Taking Control of my Life from 5,000 years of Tradition
Hi, welcome to my blog! I’m Lauren and I was born and raised in Korea.
Korea is known for many things:
- K-pop, BTS, Parasite, Taekwondo, K-beauty or Kimchi
But there’s more to it.
It’s a country where there’s one socially acceptable path in life of going to a good school, working for a big company, getting married and having kids.
I never wanted other people to decide my life for me, so I spent my whole life resisting.
I still get a ton of “life advice” from my relatives to settle in Korea, but I’m happy to have control of my future now.
This story is about how I chose a completely different path.
I was born in October, 1988.
This was no accident.
You see, it was the year of the double dragon and considered a good time to have children. Koreans sometimes do things for reasons like this.
Plus the Olympics added a special significance to that year, since it was South Korea’s coming out party.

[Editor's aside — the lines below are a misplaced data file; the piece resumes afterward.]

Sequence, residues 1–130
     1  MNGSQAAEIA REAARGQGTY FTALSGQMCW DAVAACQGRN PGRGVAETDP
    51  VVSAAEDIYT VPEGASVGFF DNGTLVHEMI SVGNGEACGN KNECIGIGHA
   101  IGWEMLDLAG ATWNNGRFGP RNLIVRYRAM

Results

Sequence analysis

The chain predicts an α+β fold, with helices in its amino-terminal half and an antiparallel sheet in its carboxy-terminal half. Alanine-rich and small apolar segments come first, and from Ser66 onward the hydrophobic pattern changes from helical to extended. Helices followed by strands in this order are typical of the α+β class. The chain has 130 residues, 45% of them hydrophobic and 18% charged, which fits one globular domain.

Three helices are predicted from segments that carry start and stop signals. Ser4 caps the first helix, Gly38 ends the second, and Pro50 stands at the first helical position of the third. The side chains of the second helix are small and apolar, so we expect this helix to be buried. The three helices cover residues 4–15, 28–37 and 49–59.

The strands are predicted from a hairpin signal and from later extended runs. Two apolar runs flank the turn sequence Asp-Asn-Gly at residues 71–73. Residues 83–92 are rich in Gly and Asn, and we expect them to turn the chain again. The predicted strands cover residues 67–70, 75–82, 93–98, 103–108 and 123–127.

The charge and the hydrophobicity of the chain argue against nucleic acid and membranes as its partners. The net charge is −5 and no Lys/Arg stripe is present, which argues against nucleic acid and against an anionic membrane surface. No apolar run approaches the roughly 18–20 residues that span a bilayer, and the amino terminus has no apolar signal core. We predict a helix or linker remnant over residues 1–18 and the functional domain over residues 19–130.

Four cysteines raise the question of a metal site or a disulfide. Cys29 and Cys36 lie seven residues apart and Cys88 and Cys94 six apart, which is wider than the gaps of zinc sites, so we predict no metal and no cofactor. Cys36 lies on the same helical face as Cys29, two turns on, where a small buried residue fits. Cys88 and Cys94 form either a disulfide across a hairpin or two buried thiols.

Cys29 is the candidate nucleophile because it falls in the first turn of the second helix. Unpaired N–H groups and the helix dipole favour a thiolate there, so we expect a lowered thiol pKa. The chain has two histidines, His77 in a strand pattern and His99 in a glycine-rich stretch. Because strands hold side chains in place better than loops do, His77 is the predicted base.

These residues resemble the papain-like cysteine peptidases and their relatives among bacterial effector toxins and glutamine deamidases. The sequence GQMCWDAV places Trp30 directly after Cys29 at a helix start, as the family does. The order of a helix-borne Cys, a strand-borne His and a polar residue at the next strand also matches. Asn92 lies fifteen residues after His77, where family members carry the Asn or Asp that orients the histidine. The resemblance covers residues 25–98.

This is how a chubby girl weighing 7.5 pounds came to be.
Growing Up in a Small Town
I’m from what’s considered a small town in South Korea of only 1 million people.
I’ve known one of my close friends since I was 3. It’s that kind of small town.
Since everybody knew each other, my mom taught me to always greet people on the street.
When I was little, I enjoyed this and socialized a lot.
The fact that ajummas complimented me on my polite behavior and gave me some candy was a plus.
I loved my hometown until I went to middle school.
Every student in Korea wears middle/high school uniforms, so we only get to wear our own clothes on the weekends.
Like every other girl, I enjoyed wearing cute dresses that turned out to be way too short for a small conservative town.
A lot of people gossiped and I had to hear nagging from my mom all weekend.
Studying My Butt Off
Korea is the land of education.
Name anything you want to learn, there’s a private educational institute for it.
There’s even a fortune telling and tarot card academy.
Growing up, I loved practicing piano at one of these institutes, even though my instructor was scary. She would motivate me by hitting my hands with a ballpoint pen when I made a mistake.
I also enjoyed learning Taekwondo. That is, until my mom became afraid of me joining the slacker kid’s gang, and stopped sending me to the academy.